Picture of the day archives

2004: January February March April May June July August September October November December
2005: January February March April May June July August September October November December
2006: January February March April May June July August September October November December
2007: January February March April May June July August September October November December
2008: January February March April May June July August September October November December
2009: January February March April May June July August September October November December
2010: January February March April May June July August September October November December
2011: January February March April May June July August September October November December
2012: January February March April May June July August September October November December
2013: January February March April May June July August September October November December
2014: January February March April May June July August September October November December
2015: January February March April May June July August September October November December
2016: January February March April May June July August September October November December
2017: January February March April May June July August September October November December
2018: January February March April May June July August September October November December
2019: January February March April May June July August September October November December
2020: January February March April May June July August September October November December
2021: January February March April May June July August September October November December
2022: January February March April May June July August September October November December
2023: January February March April May June July August September October November December
2024: January February March April May June July August September October November December
2025: January February March April May June July August September October November December

These featured pictures, as scheduled below, appeared as the picture of the day (POTD) on the English Wikipedia's Main Page in the last 30 days.

You can add an automatically updating POTD template to your user page using {{Pic of the day}} (version with blurb) or {{POTD}} (version without blurb). For instructions on how to make custom POTD layouts, see Wikipedia:Picture of the day.Purge server cache


February 21

Mud

Mud is a small Himalayan village in the cold desert region of Spiti in Himachal Pradesh, India. In 2011, the village had a population of 213. At an altitude of 3,810 metres (12,500 ft) on the Pin River (a tributary of the Spiti River), the village is located at the base of the Parbati range that towers almost vertically 1,600 metres (5,200 ft) above. Mud is notable geologically for the nearby Muth Formation, which consists of white quartz arenite, which has a thickness of 258 to 300 metres (846 to 984 ft) and is resistant to weathering. This photograph shows the village of Mud with the tall rock strata behind.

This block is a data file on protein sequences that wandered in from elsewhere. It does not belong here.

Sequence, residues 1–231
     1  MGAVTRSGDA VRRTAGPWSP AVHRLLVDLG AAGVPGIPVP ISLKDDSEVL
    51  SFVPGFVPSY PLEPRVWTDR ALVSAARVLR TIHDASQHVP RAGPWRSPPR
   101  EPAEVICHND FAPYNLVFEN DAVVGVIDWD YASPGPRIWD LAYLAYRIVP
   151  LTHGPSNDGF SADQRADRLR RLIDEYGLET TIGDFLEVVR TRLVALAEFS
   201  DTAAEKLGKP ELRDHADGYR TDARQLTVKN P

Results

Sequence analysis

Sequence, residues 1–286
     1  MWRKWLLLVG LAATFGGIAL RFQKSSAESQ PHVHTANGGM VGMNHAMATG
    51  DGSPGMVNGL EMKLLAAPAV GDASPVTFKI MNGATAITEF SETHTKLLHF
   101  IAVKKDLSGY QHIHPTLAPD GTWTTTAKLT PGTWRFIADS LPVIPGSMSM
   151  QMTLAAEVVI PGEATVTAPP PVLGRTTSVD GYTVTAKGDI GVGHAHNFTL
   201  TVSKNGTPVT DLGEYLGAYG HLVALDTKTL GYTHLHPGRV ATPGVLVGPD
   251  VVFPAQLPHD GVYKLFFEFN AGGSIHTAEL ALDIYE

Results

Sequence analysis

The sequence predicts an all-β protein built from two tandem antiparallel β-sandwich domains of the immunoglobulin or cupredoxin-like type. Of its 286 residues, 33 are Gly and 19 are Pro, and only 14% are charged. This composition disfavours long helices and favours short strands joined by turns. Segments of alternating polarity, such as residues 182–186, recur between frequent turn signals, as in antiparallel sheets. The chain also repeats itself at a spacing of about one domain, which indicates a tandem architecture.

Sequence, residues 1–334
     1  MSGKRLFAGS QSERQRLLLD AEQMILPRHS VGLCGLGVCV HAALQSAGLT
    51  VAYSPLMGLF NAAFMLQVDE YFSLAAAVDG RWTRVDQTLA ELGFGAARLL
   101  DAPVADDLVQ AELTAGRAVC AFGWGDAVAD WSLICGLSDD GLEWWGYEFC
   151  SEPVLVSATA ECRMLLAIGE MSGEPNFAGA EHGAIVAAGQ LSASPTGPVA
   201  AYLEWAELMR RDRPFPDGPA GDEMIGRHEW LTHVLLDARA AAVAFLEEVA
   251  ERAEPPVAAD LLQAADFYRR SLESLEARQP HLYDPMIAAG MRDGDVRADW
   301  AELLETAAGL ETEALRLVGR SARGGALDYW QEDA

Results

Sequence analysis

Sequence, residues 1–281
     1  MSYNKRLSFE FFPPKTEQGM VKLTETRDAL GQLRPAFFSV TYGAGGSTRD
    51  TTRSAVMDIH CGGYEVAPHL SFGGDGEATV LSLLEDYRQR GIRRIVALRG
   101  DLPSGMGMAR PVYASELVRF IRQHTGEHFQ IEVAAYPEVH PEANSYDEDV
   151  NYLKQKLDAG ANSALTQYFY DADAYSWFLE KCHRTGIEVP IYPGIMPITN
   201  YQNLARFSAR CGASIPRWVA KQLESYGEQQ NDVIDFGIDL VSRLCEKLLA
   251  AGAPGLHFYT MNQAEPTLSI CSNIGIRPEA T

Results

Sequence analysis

Photograph credit: Timothy A. Gonsalves

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February 20

Incense

Incense is an aromatic biotic material that releases fragrant smoke when burnt. The term is used for either the material or the aroma. Incense is used for aesthetic reasons, religious worship, aromatherapy, meditation, and ceremony. It may also be used as a simple deodorant or insect repellent. This photograph of a worker manufacturing incense sticks was taken in the village of Quảng Phú Cầu, on the outskirts of Hanoi, by the Vietnamese photographer Trần Tuấn Việt. The sticks are set out to dry in bundles after being dipped in the incense solution.

Photograph credit: Trần Tuấn Việt


February 19

Presidents' Day

Presidents' Day, officially known as Washington's Birthday at the federal governmental level, is a holiday in the United States celebrated on the third Monday in February. It is often celebrated to honor all those who served as presidents of the United States and, since 1879, has been the federal holiday honoring Founding Father George Washington, who led the Continental Army to victory in the American Revolutionary War, presided at the Constitutional Convention of 1787, and was the first United States president. The portrait of Washington shown here was one of 130 copies that the American painter Gilbert Stuart made of his unfinished Athenaeum Portrait, which is Stuart's most notable work and the basis for the engraving of Washington on the United States one-dollar bill. This copy is in the collection of the Clark Art Institute in Williamstown, Massachusetts.